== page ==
Man, are these little bottles going to be huge!  Germain Robin has done something very, very smart.  They've crafted four signature cocktails using their brandies and their Low Gap white whiskey, barrel aged some of them, and bottled them in 200ml, ready-to-go, squat bottles.  The labels are fantastic and the booze is even better.  The Brandy Manhattan is made with their Craft Method brandy and Vya sweet vermouth, then barrel aged.  The St. Nick uses the Craft Method with Clear Creek's Cranberry Liqueur!  My personal favorite, the Saratoga, is the Brandy Manhattan recipe, but with Low Gap white whiskey added. Who knew?!  It's splendidly delicious.  They didn't have the 1850 with them which uses Sazerac in the mix, but I'm sure it's tasty as well.  They didn't make too many of these, so I don't expect them to last until the Holidays, but for $19.99 they're going to fly.  People who don't normally even drink booze are going to be curious because of the cute bottle and the idea.  You can get about 2-3 cocktails out of each, so when you figure $10 a drink is the norm at your average bar these days, it's completely within reason.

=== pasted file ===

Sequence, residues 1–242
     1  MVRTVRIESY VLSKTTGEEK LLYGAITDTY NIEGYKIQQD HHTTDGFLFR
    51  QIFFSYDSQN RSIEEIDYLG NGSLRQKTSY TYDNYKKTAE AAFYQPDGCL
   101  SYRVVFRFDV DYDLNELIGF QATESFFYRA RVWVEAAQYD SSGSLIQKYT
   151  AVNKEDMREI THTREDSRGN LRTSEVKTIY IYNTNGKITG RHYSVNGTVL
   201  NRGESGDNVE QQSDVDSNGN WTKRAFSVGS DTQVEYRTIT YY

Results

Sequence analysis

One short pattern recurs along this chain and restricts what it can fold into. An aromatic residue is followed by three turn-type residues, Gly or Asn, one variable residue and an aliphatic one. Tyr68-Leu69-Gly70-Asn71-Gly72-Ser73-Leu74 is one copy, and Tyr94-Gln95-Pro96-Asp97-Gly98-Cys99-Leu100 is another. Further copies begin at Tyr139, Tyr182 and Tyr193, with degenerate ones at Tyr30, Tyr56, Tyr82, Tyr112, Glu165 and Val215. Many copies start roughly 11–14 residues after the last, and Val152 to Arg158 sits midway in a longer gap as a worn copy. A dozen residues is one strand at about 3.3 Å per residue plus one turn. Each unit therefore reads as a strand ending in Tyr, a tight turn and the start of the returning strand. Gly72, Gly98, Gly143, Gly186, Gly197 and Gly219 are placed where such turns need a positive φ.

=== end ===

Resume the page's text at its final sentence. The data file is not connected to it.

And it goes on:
Also on hand were releases #3 and #4 in their Mezcalero series, which if you didn't know, is the most exciting series in all of booze, in my personal opinion.  I absolutely treasure the #2 release and it looks like I'll be adding these others to my collection as well.  The #3 San Andres Huayapam Agave is smoky, tangy, bursting with citrus, and ultra clean on the finish.  The #4 San Juan del Rio Agave Sierra Negra is a pale gold color (despite no barrel aging) likely due to the concentration of "something," for lack of a better word, in the wild agave it was distilled from.  It is super tangy and far more fruity than the #3, with less tart citrus and more of an earthy character.  Both are amazing and both are distilled from different varieties of agave than the previous releases.  Their goal is to bring something new to the table with every batch and I appreciate that.  Both were distilled by different producers in Oaxaca and then bottled especially for Germain Robin with a retail price of $89.99.